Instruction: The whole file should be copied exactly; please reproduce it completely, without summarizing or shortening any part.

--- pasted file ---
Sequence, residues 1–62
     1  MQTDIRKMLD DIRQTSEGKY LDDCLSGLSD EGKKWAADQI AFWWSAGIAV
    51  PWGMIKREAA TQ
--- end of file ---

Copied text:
Sequence, residues 1–62
     1  MQTDIRKMLD DIRQTSEGKY LDDCLSGLSD EGKKWAADQI AFWWSAGIAV
    51  PWGMIKREAA TQ